Make sure your credit is repaid on time. Making payments on time can improve your credit score. If your credit history shows late payments or CCJs, your credit score will be downgraded. A year of keeping your finances in shape can make all the difference in being approved or declined a mortgage.

Register on the electoral roll

Being registered on the electoral roll is crucial in improving your credit score. If you’re a British citizen, this should be pretty straightforward. Being on the electoral roll is a must, as lenders will check to see if your given address is the same as your registered address. It’s also easier for lenders to confirm your identity.

Discrepancies in where you reside can have implications that can be avoided. Registering on the electoral roll is perhaps the easiest and most effective way to control your credit file. Your address history is also important for anti-money laundering regulations.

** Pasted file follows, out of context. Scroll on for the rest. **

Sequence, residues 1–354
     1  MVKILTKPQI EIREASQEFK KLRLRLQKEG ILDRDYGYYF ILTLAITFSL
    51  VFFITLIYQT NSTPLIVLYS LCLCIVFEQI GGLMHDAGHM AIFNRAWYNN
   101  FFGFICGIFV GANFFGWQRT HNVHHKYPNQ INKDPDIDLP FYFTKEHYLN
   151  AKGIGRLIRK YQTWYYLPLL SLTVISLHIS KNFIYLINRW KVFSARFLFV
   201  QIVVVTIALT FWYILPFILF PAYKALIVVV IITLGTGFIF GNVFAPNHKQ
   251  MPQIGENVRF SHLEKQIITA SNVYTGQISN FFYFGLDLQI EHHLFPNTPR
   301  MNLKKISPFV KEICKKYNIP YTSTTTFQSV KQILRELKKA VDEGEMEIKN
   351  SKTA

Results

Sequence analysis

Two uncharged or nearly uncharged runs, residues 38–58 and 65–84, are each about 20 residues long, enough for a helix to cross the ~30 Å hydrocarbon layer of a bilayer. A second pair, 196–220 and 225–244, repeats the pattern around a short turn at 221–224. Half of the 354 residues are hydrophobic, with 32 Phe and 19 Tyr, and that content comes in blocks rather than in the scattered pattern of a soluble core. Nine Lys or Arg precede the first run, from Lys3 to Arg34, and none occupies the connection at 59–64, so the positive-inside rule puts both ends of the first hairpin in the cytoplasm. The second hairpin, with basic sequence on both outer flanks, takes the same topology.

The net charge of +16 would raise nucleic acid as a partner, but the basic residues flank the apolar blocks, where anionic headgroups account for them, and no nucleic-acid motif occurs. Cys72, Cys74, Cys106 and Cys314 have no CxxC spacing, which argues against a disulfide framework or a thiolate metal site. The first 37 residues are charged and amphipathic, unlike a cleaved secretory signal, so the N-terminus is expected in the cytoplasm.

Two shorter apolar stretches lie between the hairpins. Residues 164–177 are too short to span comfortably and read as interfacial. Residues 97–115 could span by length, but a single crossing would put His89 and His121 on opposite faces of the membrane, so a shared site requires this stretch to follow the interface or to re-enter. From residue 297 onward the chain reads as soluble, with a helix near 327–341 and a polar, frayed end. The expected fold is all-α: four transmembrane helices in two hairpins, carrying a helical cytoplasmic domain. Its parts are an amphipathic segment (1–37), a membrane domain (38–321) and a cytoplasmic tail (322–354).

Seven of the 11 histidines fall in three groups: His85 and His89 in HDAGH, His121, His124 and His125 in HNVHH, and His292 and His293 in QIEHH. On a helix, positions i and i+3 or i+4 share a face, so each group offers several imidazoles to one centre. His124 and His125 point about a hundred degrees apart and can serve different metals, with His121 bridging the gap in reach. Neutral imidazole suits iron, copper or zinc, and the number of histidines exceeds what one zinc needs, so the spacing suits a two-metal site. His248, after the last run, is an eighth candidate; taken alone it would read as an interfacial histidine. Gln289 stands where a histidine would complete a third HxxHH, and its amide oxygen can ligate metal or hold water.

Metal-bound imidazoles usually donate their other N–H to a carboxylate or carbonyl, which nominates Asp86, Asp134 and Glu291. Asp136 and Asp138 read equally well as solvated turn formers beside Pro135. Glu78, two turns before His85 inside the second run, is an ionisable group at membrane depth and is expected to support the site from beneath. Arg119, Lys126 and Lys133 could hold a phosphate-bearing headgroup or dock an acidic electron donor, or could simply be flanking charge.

Show that you’re reliable with credit

If you’re bad with credit, this might sound like a bad idea, but using more credit facilities can help to improve your credit score. This is because active credit enables you to make repayments. Lenders love to see previous borrowing history and how you’ve managed repayments. Don’t overdo it, as too many accounts with a lot of outstanding credit will have an adverse effect.

If your credit is very bad and you can’t take out any more credit, try smaller forms such as mobile phone contracts. You can also try using credit cards designed for adverse credit.

Adverse-specific credit cards will have higher rates if your credit score is low. However, if utilised correctly, they can be a great way to improve your credit score. Ensure your card is used monthly and the balance is repaid on time. The longer you have a well-managed account, the more it indicates you’re responsible for credit.

Close unused accounts